Improper Air Distribution – The various spaces within a building have their own ventilation and pressurization needs, so the air movement inside a building is vital.  The air distribution systems must be properly configured and adjusted throughout the entire building.

Deficient HVAC Maintenance – The various fans, dampers, filters, coils, and other devices comprising a Heating, Ventilating, and Air Conditioning (HVAC) system must be cared for, and maintained correctly and frequently in order to support proper indoor air quality.

Effects of dynamic air flow in kitchen environments and the importance of air balancing


As we all know, the hospitality industry is developing a lot these days. Owners are investing heavily into their hotels in order to globalize them and create unique destinations. This development is mainly due to the increase in international tourism and business travel driving the need to create different cuisine options. The multitude of cuisine options and equipment designs can have a significant impact on dynamic air flows and energy consumption.


In the hospitality industry, the focus is being given to the improvement of centralized kitchen air conditioning to ensure that the chefs working in the midst of heat are safe and comfortable. Even small-scale kitchens are focused on providing air conditioned kitchens now more than ever.


In the earlier days, importance was generally given to extract and discharge of exhaust air alone. Whereas now, in trending commercial kitchen ventilation system, the following ventilation systems are present to do air balancing and bring comfort in the kitchen zone-wise:

  • HOT Kitchen Zone – When cooking appliances are present, exhaust air and fresh air (makeup air) systems will be present to extract thermal plumes and radiant heat.
  • COLD Kitchen Zone – The preparation area and refrigeration area have conditioned air and return air systems present.
  • Dish Washing Zone – With the heavy output of steam, systems are in place to extract the steam immediately and recycle makeup air through the area.

Dynamic Air flow occurs due to the following reasons:

  • The heat load is not calculated per the equipment specifications.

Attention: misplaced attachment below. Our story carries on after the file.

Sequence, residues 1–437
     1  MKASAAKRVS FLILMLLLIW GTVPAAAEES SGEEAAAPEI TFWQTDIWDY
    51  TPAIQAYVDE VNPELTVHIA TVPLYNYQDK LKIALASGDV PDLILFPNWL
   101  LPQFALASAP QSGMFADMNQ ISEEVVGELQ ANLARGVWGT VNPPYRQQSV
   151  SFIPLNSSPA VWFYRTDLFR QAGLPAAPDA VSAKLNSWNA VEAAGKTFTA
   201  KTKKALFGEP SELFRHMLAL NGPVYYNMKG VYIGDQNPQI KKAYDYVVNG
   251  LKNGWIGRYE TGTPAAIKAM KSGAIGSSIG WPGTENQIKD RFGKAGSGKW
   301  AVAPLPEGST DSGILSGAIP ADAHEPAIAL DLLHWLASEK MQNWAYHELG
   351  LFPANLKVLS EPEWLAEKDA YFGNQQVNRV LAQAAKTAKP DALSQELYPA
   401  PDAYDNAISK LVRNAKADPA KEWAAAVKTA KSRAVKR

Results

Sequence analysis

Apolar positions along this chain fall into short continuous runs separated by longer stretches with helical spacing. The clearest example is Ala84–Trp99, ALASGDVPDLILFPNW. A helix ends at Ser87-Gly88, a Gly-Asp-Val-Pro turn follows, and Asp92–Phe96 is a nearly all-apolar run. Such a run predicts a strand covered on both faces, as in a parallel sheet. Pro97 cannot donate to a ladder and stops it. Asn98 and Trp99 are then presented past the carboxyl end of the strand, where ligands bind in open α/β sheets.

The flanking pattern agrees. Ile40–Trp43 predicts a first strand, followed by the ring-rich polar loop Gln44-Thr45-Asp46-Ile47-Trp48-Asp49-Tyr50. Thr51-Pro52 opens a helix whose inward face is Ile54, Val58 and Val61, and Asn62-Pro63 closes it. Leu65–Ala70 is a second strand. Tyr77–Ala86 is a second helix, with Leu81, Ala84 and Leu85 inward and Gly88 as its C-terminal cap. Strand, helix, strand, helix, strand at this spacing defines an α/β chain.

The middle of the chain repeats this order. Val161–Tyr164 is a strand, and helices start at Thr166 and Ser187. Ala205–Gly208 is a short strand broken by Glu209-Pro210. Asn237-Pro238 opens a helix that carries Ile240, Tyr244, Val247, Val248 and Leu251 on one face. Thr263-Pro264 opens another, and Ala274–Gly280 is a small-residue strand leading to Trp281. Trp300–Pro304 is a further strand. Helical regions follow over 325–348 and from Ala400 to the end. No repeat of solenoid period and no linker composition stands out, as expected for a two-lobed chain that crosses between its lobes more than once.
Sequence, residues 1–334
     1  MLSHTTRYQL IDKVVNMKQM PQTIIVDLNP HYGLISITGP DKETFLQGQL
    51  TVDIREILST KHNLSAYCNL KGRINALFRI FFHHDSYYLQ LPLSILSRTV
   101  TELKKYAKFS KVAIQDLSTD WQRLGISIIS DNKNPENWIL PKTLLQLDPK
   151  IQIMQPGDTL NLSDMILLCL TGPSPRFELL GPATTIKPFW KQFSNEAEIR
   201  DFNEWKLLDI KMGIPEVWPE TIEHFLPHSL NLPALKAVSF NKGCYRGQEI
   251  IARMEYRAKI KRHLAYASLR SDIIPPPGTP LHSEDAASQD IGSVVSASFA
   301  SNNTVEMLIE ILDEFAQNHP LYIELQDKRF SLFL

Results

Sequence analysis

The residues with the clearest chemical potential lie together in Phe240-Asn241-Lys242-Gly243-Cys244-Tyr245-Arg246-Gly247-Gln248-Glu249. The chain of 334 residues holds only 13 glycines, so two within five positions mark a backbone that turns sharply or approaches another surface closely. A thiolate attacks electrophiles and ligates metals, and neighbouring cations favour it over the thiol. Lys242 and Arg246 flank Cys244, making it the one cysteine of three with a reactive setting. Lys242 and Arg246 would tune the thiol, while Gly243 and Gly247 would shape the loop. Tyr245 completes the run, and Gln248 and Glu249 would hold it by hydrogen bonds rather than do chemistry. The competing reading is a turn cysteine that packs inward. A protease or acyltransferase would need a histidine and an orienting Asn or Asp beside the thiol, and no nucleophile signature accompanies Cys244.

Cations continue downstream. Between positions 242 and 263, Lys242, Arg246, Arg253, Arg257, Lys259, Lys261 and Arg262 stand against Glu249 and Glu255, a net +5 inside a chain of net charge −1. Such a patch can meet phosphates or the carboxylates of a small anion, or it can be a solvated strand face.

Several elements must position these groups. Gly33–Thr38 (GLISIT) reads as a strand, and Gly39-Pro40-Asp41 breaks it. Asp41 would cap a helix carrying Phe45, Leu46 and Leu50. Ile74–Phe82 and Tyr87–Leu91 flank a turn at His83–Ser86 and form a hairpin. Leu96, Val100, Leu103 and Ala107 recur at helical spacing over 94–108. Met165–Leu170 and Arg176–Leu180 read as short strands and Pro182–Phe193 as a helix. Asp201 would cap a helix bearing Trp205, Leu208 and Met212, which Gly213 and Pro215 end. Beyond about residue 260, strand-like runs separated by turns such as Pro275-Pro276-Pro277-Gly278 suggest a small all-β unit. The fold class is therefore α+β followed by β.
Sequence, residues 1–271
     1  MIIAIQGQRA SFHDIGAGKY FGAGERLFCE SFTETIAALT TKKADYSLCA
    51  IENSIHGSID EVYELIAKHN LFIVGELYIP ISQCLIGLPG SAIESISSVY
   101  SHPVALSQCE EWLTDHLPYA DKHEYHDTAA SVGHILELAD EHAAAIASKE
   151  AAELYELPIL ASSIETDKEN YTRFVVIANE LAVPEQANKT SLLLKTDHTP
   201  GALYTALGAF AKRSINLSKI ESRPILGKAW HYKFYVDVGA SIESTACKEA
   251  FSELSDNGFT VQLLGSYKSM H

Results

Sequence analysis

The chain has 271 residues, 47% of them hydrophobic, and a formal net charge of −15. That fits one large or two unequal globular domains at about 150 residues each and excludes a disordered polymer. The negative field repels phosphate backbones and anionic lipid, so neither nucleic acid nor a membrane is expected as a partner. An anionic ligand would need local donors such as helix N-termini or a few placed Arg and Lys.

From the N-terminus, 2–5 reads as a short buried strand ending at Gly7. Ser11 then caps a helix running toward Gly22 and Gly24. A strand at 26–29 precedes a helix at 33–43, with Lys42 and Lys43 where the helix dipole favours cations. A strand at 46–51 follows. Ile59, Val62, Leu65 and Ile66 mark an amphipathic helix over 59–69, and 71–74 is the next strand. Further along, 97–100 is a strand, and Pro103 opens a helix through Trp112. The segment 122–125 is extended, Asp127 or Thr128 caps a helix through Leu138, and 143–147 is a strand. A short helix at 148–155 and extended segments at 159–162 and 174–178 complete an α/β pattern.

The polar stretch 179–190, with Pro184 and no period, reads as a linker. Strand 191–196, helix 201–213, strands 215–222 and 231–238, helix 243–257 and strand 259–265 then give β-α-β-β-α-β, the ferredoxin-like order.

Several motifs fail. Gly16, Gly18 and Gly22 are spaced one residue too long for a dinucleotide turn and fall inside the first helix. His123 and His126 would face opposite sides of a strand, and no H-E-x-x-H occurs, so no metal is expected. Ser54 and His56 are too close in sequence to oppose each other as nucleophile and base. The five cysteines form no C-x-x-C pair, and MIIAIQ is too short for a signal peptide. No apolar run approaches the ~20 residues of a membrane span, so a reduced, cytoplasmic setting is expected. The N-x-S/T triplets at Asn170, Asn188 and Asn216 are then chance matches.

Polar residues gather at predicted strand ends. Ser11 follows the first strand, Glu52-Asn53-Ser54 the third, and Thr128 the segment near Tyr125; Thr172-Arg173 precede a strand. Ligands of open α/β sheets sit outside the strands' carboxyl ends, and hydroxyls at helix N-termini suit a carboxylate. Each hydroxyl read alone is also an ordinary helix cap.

• Selection of improper kitchen equipment that leads to variation in heat load. Examples include wrong burner design, equipment without proper insulation, wrong electrical appliance selections.
  • High air draft transfer through doors/service door/high velocity diffusers
  • Equipment placement changes. An example would be changing the positions of equipment against the original kitchen design.
  • Extraction hood is undersized as it affects suction.
  • Increase in the number of people in the building.
  • Improper selection of exhaust fan, make up air fan, and exhaust & make up air ducting system

As a result of the air draft energy savings plummet!


Something that I have observed quite often, is the high draft air transfer through different doors. This is a primary cause of dynamic air flow. Optimal kitchen design would allow the natural hot air from cooking to go undisturbed.

Service door opening affecting dynamic air flow.Service door opening allowing natural air flow.

In the 1st image above, the service door is open so the hot air that is rising is disturbed due to the high draft air from the next room, creating turbulence. The high draft should be balanced to decrease energy loss.

In the 2nd image above, the service door is closed allowing the hot air to rise without disturbance.

When there is a turbulence, the temperature in the kitchen will quickly rise as the extraction does not happen correctly and it combines with exhaust and supply air. Therefore, this makes the kitchen staff become very uncomfortable, air conditioning is increased to cool down the kitchen, and the exhaust is ramped up. Because of this, extra energy is used when it could have been avoided. If this is constantly being repeated, it will result in discomfort, hygiene will be affected, and there will be a huge loss of energy.

As you are designing your next kitchen, be cognizant of the fact that kitchen design impacts more than meets the eye. Kitchen efficiency goes beyond the layout that makes it easiest for your staff to work in, it entails energy usage and safety as well.

Energy Upgrades In Prison Facilities

It is no secret that many prison facilities are outdated, understaffed, and overcrowded. Sadly, these problems can all be traced back to being underfunded.  With large pressing problems like this, it makes the idea of certain energy upgrades in prisons like installing a new LED light fixture or flow meters on hydronic components seem miniscule while the impact could greatly help the underlying problems.

The Problem – “There’s only three ways to spend the taxpayer’s hard-earned when it comes to prisons.More walls. More bars. More guards.” – Shawshank Redemption

Although it may seem like this statement is true, most of the costs associated with state run facilities is lumped into personnel costs within the operating expenses. Salaries, overtime, and benefits comprised over 66% of the cost to run state facilities. Additionally, an average of 17% of funding across the nation went to facility maintenance, prison programs, debt services, and legal judgments. This data tells us that most of the cost of prisons goes unsurprisingly, to operating costs. The operating costs can range from your day to day maintenance, to the utility bills, to providing food and supervision for inmates. The average salary of correctional officers in the US is $37,717 per year, so adding even one more CO to help an understaffed facility can have a substantial effect on the budget.